Update/Correction: One last note before leaving May behind: I was way wrong, way wrong about the extent of Dyers Woad in the foothills. It’s all over the place, especially behind the U. Hospital, along Shoreline trail, and in the lower part of
Today my friend Cory and I biked out to Morgan and back, 40 miles each way. We noticed that East of Little Mountain Pass, the Balsamroot flowers looks the same, but the leaves are different. Instead of each leaf-stalk ending in a single large, arrowhead-shaped leaf. Each leaf stalk has a dozen-plus pointy leaves jutting out perpendicular to the stalks. This plant is Cutleaf Balsamroot, Balsamorhiza macrophylla (pic right). East of Little Mountain Pass, and again after
There are 10 species of Balsamorhiza in the Western US, 2 of which extend in Southern Canada and 1 of which reaches down into
In my poking around the foothills over the last several days, it seems that Arrowleaf dominates in the driest, sunniest, most exposed sites, and that Cutleaf (closeup pic right) does a little better higher up, where it’s just a touch cooler and wetter
But there’s something else interesting about Cutleaf, besides being just-another-Balsamroot. Within the Baslamorhiza genus, it appears to be somewhat of an anomaly in two ways. First is structure. Balsamroots are divided by botanists into 2 sections: 6 of the 10 species have “pinnately divided”, or feather-like leaves and a slender, un-branched taproot. 3 of the remaining species have “simple” leaves, and a thicker taproot that branches into multiple crowns above. (This second section includes Arrowleaf Balsamroot.) But Cutleaf has the pinnately-divided leaves of the first section, with the thick branching taproot of the second section.
The second difference is even more interesting: All 9 other Balsamroots are chromosomally diploid, with 38 chromosomes. But Cutleaf is polyploid, with between 98 and 102 chromosomes. Many botanists believe that Cutleaf Balsamroot is the result of an ancient hybridization between 2 species of Balsamroot (1 species from each of the 2 sections described above) or that even more tantalizingly- is a hybrid between a species of Balsamorhiza and a species of Wyethia.
There are seven species of Wyethia, all native to
Tangent: Back when I first described Mule’s Ear, I highlighted the smooth leaves as the easiest way to distinguish it from Arrowleaf Balsamroot. Though this distinction is valid in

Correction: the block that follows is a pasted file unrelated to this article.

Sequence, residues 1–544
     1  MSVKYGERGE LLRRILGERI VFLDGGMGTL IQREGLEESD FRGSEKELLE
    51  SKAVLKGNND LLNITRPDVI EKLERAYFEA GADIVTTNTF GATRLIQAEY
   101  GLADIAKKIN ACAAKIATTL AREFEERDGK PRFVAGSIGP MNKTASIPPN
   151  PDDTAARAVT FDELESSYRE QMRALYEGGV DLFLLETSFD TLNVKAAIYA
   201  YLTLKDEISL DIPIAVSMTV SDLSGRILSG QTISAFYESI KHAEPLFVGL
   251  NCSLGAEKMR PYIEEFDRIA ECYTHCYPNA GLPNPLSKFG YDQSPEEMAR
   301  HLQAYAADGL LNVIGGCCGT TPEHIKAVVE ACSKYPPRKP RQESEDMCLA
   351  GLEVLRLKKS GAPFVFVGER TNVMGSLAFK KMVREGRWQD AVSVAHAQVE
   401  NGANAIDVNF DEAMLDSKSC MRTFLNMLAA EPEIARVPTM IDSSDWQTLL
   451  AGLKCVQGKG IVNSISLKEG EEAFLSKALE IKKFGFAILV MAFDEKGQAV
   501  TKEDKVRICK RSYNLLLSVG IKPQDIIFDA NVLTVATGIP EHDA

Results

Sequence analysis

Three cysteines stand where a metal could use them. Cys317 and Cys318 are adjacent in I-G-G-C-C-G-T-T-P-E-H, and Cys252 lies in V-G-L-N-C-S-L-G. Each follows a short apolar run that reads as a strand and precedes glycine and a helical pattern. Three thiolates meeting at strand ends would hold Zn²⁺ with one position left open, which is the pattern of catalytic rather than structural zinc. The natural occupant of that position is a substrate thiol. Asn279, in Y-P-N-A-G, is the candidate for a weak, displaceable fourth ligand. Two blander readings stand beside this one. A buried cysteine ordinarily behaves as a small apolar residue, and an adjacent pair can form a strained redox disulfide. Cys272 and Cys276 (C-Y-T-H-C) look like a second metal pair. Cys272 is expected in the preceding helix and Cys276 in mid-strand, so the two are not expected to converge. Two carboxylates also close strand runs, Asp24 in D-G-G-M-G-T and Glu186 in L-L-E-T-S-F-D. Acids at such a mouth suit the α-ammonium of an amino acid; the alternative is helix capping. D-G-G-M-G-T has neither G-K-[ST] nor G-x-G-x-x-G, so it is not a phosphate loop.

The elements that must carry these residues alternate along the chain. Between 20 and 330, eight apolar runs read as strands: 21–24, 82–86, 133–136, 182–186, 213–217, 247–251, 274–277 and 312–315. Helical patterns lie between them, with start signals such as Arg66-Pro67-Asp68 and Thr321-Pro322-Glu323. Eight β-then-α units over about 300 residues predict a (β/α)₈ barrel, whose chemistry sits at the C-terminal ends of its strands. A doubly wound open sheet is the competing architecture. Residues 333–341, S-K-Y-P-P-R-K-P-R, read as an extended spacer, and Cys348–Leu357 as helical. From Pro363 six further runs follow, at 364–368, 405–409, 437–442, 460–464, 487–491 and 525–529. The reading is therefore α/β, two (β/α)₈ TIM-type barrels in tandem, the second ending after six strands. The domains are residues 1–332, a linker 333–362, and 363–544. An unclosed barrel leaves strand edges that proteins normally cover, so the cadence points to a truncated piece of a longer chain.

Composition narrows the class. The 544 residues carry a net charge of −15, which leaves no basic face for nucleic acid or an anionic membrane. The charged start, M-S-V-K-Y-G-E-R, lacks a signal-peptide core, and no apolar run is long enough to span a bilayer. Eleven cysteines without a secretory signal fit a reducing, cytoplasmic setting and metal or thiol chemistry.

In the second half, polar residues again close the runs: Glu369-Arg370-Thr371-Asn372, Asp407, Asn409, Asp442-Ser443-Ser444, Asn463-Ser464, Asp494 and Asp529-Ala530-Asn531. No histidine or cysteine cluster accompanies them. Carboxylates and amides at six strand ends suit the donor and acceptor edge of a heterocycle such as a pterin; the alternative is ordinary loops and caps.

Nested Tangent: W. x magna occurs clear down in
Mule’s Ear (closeup pic right) seems to do better with a little more shade and water than Balsamroot, and it grows best in clay soils. Though they look similar, Arrowleaf Balsamroot is a favored food of domestic sheep, Bighorn Sheep and Mule Deer, but all of these animals avoid Mule’s Ear. As a result, Mule’s Ear often thrives, and out-competes other native ground cover, in areas that are heavily grazed or foraged (pic left). Like Balsamroot, Mule’s Ear is pollinated primarily by Osmia bees (who I suspect like many of us can’t tell the flowers apart!)
Wyethia and Balsamorhiza are closely related (both pictured side-by-side, right). Both are distinguished within their larger tribe, Heliantheae, within the Sunflower family, (a "tribe" is basically a grouping within a biological family that includes multiple genera...) by having pistillate ray flowers, which means that the ray flowers of each are sexually functional. All other genera within Heliantheae have sterile ray flowers (but sexually functional disk flowers.) (See this earlier post for a brief review of composite flower structure, and the definition of ray and disk flowers.) Like 9 out of 10 Balsamorhiza species, all Wyethia species are diploids with 38 chromosomes.
Recent genetic analysis shows that Balsamorhiza is monophyletic, meaning that they form a group descended from a common ancestor which includes all descendants of that ancestor. Example: You, your siblings, and your sibling’s children/grandchildren form a monophyletic group. A monophyletic grouping forms a clade. Wyethia however is paraphyletic, meaning that they form a group descended from a common ancestor, but that group does not include all of the descendants of that common ancestor.
For example, my Dad has 2 brothers: John and Peter. If we got together for a barbecue that included Uncle John, his kids and grandkids, together with my Dad, his kids and grandkids, but left out Uncle Peter and his clan, our grouping would be paraphyletic. For our barbecue to be monophyletic, we’d have to invite Uncle Peter and his descendants along as well.
For Wyethia to be monophyletic, it would have to include Balsamorhiza. And this highlights one of the big problems of traditional biological taxonomy: as modern DNA analysis reveals the ancestry of and relationships between living things, the traditional taxonomies- in this case genera- don’t always hold up. From time-to-time botanists address this problem by reclassifying a plant or group of plants (a recent example was moving Yuccas out of the Lily family and into the Asparagus family) but this results in various sources (textbooks, etc.) with conflicting information.
Bottom line: those simple, uniform-looking yellow flowers you see all over the place right now are pretty darn complicated, and they have some interesting stories to tell.